The Eighteenth Sunday after Pentecost (Proper 23-C), 13 October 2019


October 13, 2019

Reading 1Reading 2Reading 3Reading 4Reading 1 AltReading 2 Alt
Jeremiah 29:1, 4-7Psalm 66:1-122 Timothy 2:8-15Luke 17:11-192 Kings 5:1-3, 7-15cPsalm 111

by Marjorie Suchocki

Our focus for each Sunday this month will be on the gospel texts. Each of these selections tell stories that are well known to most parishioners. Turn that to your advantage by telling the story, not just reading it. I’ve tried to model that for you by telling each of the four stories as if to an audience.
               ~ Marjorie Suchocki

Again we have a familiar story: the ten lepers. Ten are healed, but only one returns to give thanks. The location of this event is a sort of in-between place, the passage between Samaria and Galilee. This is a sort of no-man’s-land that is both/and, but also neither/nor. Its identity is in flux by virtue of being used as a sort of “Passing lane” from hostile territories where neither side really trusts the other. Jesus and the disciples are in this “in between land” where they see the familiar sight: ten persons afflicted with leprosy, a skin disease that renders them unclean outcasts. Scholars tell us that the disease called leprosy in the Bible is not the Hansen’s disease we know, but a lesser disease given the same name. It results in an ugly sickness of the skin; to contract it is to lose everything — your family, your place in society, your work, society itself. You become outcast, and your only companions are those who suffer the same disease. Finally, you are required to have a bell that you ring to warn healthy persons away from you — biblical leprosy is as lonely a disease as its contemporary cousin, Hansen’s disease.

And so this passageway between rivalries and hostilities, this “no- man’s-land” where one travels as quickly as one can to get someplace else, is nonetheless inhabited — there is a small village clinging to the inbetweeness of the place, and there are, of course, the wandering outcasts, the lepers. They see and recognize Jesus as he approaches the village: “Jesus, master, have mercy on us!” He sees them. Hasn’t he always “seen” them? Isn’t he like that banquet giver of those earlier chapters, who indeed sees — and invites? We all know how the story unfolds, of course: he prescribes the traditional formula for anyone who has recovered from this disease: go and show yourselves to the priest. And the wonder happens: as they obey, they suddenly experience healing — the open sores close, scar, and disappear! The redness melts away! The limping legs become strong — in obeying Jesus, his mercy has indeed encompassed them! They are healed!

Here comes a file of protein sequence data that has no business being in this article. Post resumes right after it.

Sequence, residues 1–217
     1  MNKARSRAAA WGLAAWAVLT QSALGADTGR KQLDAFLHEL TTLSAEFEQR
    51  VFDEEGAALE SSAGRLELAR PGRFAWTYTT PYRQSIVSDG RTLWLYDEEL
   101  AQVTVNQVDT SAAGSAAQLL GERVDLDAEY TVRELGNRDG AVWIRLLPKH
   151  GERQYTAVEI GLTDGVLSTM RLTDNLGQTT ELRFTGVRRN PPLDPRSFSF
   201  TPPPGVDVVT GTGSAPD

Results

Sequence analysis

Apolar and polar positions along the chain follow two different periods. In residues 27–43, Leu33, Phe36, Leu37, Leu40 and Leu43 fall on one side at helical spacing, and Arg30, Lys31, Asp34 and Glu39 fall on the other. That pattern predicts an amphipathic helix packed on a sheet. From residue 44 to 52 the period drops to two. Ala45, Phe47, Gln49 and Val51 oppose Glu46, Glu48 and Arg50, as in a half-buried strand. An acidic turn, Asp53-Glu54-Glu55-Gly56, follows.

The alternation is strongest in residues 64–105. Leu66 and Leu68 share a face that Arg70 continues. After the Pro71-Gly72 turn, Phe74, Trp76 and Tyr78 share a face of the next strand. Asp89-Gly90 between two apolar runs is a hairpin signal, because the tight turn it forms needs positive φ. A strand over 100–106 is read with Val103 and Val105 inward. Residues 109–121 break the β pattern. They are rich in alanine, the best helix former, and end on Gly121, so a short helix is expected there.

Everyone remembers the denouement of the story: one — and only one — returns. He is glorifying God with a loud voice, and as soon as he gets to Jesus he falls on his face, weeping his thanks, his gratitude, scarce daring to believe the miracle that this One has healed him. “And he was a Samaritan,” says the text. The words are stark, but loaded with implication. It is not only the one who is outcast by virtue of his illness who has returned to give thanks, it is also the one so frequently disparaged by Jews as a Samaritan, despised, “other” to proper Jews, The Samaritan is tainted from birth by Gentile blood because of the occupation of Samaria by the Chaldeans, the Babylonians, and whatever occupier came along. Racial animosity, religious animosity, geographical animosity separates Jew from Samaritan, and Jewish purity must not be sullied by Samaritan impurity.

Is it only an ancient dilemma, an ancient story, surpassed by civilization in the times since? Don’t we in America increasingly find ourselves in a passageway, a no-man’s-land, divided by hostilities, hardly a home anymore, but a place on the other side of home, surrounded by those we call “other”? We “name” the “others,” try to keep our distance from them, and lock our doors at night or even keep guns handy so as to kill anyone who might attempt entry! Instant death is only too good for anyone attempting to invade my space, bridge my defenses, take my “stuff.” But in all these Lucan stories, it is precisely the “other” who is close to the heart of God. Ah, the story rings out still, shocking despite its familiarity: the love and grace and healing power of God flows to those we call “other” in every culture in every time, perhaps especially our own. “Behold,” concludes Jesus — surprisingly? — “the kingdom of God is in your midst.” Really? In the one I despise, or the one I fear, in the one whose color, whose language, offends me? And the ever-so-familiar story becomes the frightening challenge to dare the passageway, to enter the space of in-between, and look for the Samaritan in our midst. Expect healing.


Marjorie Hewitt Suchocki is Professor Emerita, Claremont School of Theology, Faculty Co-Director Emerita of the Center for Process Studies, Director Emerita of Process and Faith, and the founder and former Director of the Common Good International Film Festival (formerly, Whitehead International Film Festival). Among her many books are God Christ Church: A Practical Guide to Process TheologyThe End of Evil: Process Eschatology in Historical ContextThe Whispered Word: A Theology for Preaching; In God’s Presence: Theological Reflections on Prayer; and Through a Lens Darkly: Tracing Redemption in Film.

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